A big part of rewriting our story is setting boundaries. That means saying “no” to things that physically, emotionally or spiritually harm us. Cole says that instead of blaming toxic people for their poor behavior, we should realize that it’s our life and we control who gets a front-row seat. If a partner, or potential partner, runs hot and cold, doesn’t listen well, withholds information or says one thing but does another, Cole says to pay attention to those behaviors as red flags for future trouble and to consider calling out the behavior or cutting your losses early on. As Maya Angelou would say, “When someone shows you who they are the first time…believe them.”

The same way we can use the past to inform the present, we also can use the present to inform the future. Every failed relationship is an opportunity to learn. Cole says if we find that we’ve lost or neglected the things that make us who we are, we must re-establish our self-love and the boundaries that help keep it in place.

Keep on keeping on

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Once we’ve changed our blueprint, rewritten our story, set our boundaries and finally found healthy love, we may feel like taking a break, but meaningful relationships require continued effort. If our relationships feel disconnected or dulled, Cole says to become more “self-sexual” by hitting the gym, visiting the spa or doing whatever feeds our bodies. When we feel good about ourselves, and in turn more deserving of love, we are better at communicating our needs.

And communication is key. Cole recommends reading or revisiting Gary Chapman’s iconic book, “The 5 Love Languages” (Northfield Publishing, 2015) to ensure we’re showing love the way our partner prefers to receive love. If we’d like something in the relationship to change—we’d like him to be more romantic or we’d like her to help around the house—Cole advises against pointing out how our partner is failing us because that rarely inspires change. Instead, she says, changing our behavior forces our partner to respond differently.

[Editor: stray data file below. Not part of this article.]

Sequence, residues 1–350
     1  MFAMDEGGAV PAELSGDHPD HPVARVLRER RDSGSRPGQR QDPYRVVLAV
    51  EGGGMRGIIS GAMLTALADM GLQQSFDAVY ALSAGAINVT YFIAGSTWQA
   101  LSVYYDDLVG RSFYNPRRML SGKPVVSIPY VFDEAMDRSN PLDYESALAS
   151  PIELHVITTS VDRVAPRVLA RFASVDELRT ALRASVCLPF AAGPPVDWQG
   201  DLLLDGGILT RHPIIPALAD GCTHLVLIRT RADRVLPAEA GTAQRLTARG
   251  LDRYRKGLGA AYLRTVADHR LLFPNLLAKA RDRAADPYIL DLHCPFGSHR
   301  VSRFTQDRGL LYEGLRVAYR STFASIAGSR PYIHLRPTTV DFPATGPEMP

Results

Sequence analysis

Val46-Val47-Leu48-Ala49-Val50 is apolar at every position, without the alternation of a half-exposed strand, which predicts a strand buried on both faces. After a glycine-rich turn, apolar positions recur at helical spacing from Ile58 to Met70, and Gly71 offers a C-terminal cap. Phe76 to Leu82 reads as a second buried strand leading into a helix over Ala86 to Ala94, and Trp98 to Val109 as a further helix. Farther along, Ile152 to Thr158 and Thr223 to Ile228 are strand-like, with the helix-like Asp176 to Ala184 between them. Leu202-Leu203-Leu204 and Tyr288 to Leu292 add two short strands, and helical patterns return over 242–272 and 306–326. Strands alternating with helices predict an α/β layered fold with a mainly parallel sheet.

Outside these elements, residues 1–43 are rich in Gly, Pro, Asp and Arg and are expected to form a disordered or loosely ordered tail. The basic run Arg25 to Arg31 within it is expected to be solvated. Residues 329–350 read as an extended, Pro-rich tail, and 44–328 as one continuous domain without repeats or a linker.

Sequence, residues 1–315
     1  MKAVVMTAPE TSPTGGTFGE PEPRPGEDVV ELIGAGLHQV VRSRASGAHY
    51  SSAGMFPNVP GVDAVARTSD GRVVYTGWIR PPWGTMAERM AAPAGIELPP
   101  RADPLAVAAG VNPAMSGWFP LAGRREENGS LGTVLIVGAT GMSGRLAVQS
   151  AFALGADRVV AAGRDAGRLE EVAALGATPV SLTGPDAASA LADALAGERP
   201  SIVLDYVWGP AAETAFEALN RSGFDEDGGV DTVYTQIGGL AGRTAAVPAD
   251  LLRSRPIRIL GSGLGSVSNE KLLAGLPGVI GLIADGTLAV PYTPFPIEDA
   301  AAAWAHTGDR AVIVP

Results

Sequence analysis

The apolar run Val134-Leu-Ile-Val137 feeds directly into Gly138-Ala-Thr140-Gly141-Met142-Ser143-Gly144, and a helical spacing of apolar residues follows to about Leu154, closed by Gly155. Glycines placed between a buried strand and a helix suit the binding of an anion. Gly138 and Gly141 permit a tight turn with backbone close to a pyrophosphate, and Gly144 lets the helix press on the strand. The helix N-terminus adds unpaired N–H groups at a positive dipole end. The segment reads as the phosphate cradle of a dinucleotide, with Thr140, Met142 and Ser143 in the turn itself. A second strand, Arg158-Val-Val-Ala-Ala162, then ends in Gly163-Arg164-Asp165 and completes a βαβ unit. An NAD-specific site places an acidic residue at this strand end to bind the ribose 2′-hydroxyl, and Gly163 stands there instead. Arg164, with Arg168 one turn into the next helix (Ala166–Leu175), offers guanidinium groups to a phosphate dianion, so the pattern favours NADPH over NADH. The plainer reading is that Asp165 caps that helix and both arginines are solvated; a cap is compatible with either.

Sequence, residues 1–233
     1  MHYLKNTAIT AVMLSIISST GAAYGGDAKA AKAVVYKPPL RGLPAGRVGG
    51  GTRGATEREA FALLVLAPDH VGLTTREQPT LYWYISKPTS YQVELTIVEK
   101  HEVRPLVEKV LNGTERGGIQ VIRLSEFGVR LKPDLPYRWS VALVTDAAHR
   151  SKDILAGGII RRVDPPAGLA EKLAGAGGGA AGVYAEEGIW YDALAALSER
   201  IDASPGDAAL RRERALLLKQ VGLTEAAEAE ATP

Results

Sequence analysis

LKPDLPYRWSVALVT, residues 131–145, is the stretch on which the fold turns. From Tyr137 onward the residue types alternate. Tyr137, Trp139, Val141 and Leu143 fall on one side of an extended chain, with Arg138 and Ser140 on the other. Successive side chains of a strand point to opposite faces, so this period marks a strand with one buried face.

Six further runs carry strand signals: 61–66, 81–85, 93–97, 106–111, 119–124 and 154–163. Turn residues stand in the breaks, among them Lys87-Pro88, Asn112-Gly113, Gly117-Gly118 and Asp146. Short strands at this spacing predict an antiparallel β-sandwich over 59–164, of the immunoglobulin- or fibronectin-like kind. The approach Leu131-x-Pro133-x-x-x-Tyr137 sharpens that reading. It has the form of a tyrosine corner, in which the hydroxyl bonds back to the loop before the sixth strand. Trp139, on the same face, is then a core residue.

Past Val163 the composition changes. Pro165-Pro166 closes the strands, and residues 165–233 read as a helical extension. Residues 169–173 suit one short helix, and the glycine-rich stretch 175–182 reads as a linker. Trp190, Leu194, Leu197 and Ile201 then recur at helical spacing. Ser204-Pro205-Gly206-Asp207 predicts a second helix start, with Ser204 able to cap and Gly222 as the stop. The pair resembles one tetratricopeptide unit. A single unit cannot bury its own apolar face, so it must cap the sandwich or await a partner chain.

In terms of overcoming a major breech of trust, like infidelity, the first step is to recognize that the slip is a symptom of the actual problem, not necessarily the problem itself. Lack of intimacy, absence of appreciation, unresolved resentment, boredom—these are the issues that often underlie an indiscretion. Getting to the root is painful but entirely necessary. If we can move forward from hurt, Cole says, our relationships can be even healthier and more connected.

Make a sound investment

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The star-crossed love stories we see in film or hear in music are simplistic. Real, long-term love is an ongoing attempt by two imperfect people to meet one another’s needs. If we accept that the first is fiction and the latter is reality, we have a more honest starting point. True love requires time, attention, and our intention to continuously improve our relationships and ourselves. Cole is the first to admit that this process can be challenging. She’s also the first to admit that it’s the most worthwhile investment we can give to ourselves.

Video credit: BONNINSTUDIO, Stocksy
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hoto credits: Mark Kuroda, kurodastudios.com; fizkes, Thinkstock; Laura Fuhrman, Unsplash; Priscilla Du Preez, Unsplash
Hair and make-up, Ava Roston

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Author

Lashaun Dale

Lashaun Dale loves yoga and fitness and finds magic in movement, music and mobs of people. She holds degrees in International Relations, Philosophy and Applied Anthropology, as well as an MPH from the School of Public Health at Columbia University in New York. With two decades of group fitness programming experience, Dale currently serves as vice president of content & programming for 24 Hour Fitness and editor-in-chief of 24Life magazine. A regular contributor to SELF and Women’s Health and Fitness, as well as popular blogs and podcasts, she’ll teach yoga anytime she is given an opportunity to get her om on.